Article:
Since the email did not contain any sensitive or classified information, DFAT did not base its determination on breach of reg 2.1 of the Public Service Regulations. Instead, it contended that Mr Smith had suggested to the Opposition a line of questioning that might embarrass the Government. DFAT determined that this was in breach of his obligation to perform his duties in an ‘apolitical’ manner.
Commissioner Deegan dismissed this reasoning as drawing ‘an incredibly long bow’. Mr Smith could not have known that the Opposition’s merely asking a question about the information provided could cause some embarrassment. Commissioner Deegan also raised serious concerns about DFAT’s process in making a determination of breach, including long delays in the collection of evidence and asking officers to comment on incomplete, and even unseen, evidence.
The termination of Mr Smith was held to be harsh, unjust and unreasonable, and, accordingly, DFAT was ordered to reinstate his employment.
An obligation to report misconduct?
12.119 Some public servants working in the law enforcement context are under an express obligation to report disciplinary breaches and misconduct of which they are aware. For example, the Parliamentary Joint Committee on the Australian Commission for Law Enforcement Integrity has noted that AFP employees are under an obligation to report all contraventions of the professional standards. That committee has recommended that:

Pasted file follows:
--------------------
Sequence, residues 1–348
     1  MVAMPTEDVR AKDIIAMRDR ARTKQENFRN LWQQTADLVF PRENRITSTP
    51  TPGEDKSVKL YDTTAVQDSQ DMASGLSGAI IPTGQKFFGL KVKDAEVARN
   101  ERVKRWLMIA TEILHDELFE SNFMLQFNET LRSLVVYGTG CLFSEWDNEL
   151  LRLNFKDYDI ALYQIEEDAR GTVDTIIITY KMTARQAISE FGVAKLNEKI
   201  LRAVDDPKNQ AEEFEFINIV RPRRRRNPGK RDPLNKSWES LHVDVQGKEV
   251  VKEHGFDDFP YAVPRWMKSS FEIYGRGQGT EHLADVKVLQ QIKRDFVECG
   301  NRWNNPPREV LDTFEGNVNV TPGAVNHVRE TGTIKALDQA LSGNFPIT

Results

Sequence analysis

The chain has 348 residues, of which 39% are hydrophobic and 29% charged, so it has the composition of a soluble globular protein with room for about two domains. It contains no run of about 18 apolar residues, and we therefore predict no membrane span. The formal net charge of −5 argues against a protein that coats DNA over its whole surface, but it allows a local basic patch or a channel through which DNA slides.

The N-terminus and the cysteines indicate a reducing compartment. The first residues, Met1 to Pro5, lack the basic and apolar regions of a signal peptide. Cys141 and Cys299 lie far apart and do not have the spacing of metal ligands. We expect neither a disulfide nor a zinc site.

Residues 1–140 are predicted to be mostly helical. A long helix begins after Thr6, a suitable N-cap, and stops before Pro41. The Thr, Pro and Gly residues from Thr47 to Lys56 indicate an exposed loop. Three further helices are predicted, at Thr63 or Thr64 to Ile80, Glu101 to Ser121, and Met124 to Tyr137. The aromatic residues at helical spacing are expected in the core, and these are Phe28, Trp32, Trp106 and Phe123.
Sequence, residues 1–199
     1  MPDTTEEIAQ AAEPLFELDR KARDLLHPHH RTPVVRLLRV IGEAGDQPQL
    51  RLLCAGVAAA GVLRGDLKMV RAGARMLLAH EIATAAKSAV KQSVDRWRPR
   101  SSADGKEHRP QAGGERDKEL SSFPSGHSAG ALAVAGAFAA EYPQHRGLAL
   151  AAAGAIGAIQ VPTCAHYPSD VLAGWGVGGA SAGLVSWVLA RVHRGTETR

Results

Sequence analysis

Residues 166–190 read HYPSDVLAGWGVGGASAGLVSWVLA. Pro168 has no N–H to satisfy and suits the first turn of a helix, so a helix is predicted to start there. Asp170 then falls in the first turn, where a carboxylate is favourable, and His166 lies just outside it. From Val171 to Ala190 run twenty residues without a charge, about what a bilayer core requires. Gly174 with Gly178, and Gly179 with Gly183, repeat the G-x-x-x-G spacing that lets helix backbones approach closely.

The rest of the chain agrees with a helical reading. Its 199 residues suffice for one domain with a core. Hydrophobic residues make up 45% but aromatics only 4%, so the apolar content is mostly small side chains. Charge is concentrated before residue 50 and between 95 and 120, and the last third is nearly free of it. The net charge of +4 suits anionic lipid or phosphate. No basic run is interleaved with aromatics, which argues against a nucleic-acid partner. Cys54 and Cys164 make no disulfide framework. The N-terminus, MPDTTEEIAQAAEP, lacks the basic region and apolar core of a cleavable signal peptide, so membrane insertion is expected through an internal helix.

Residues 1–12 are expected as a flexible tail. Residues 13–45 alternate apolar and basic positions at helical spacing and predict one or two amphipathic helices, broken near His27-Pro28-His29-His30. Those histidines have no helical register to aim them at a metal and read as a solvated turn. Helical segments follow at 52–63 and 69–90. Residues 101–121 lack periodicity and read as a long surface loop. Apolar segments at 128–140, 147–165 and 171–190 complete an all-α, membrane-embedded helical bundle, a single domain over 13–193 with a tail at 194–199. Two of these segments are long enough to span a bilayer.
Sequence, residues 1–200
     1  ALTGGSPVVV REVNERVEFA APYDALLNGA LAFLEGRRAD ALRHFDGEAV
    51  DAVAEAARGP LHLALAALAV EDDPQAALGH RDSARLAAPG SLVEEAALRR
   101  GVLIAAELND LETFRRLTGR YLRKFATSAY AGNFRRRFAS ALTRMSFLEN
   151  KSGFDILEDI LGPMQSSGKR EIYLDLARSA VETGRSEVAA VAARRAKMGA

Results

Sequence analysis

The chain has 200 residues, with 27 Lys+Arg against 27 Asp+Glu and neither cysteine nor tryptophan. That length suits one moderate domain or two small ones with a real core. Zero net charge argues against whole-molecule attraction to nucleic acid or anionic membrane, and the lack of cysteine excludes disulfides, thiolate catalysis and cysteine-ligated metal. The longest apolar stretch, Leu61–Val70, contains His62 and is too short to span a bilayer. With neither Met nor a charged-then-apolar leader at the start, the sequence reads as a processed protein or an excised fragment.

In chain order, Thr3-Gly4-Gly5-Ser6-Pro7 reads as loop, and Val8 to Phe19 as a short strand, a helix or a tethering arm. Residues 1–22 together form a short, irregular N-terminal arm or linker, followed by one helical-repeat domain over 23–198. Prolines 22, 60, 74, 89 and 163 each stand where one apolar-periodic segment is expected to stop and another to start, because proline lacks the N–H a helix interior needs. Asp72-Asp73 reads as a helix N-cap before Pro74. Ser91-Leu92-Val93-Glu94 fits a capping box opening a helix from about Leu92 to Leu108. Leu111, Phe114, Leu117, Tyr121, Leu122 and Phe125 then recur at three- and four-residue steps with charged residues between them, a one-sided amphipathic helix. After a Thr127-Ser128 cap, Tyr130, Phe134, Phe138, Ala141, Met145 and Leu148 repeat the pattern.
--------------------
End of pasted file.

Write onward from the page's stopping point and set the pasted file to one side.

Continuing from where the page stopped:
The Australian Government review existing obligations on employees of Commonwealth law enforcement agencies to report misconduct. The review should consider whether these arrangements need to be strengthened, including by legislative means, and whether there are sufficient measures in place to support and protect whistleblowers.
12.120 No express reporting requirement applies to APS employees. However, the APSC good practice guide, Handling Misconduct, provides that some APS employees may be obliged to report misconduct in order to comply with requirements of the APS Values and Code of Conduct and the Public Service Commissioner’s Directions. These include, for example, that an APS employee must ‘model and promote’ the highest standard of ethical behaviour, taking into account his or her duties and responsibilities:
As such, the Commission considers that the duty to act with integrity and with the highest ethical standards imposes a reporting obligation on all employees with regard to suspected misconduct. In some circumstances, particularly for employees with managerial responsibilities, it could be a breach of the Code for an employee not to report suspected misconduct.
Submissions and consultations
12.121 In IP 34, the ALRC asked about the effectiveness of the processes set out in the Public Service Act and related instruments for dealing with suspected breaches of secrecy provisions.
12.122 Only a few stakeholders responded to this issue. The AGD supported the existing procedural requirements in the Public Service Act, advising that these provide a useful mechanism to deal with minor breaches. The Australian Press Council suggested that, before a ‘severe administrative penalty’ is imposed on a Commonwealth officer, he or she should have the opportunity to have the case heard by a court or tribunal that can adjudicate on questions of public interest and intent, as well as make findings of fact.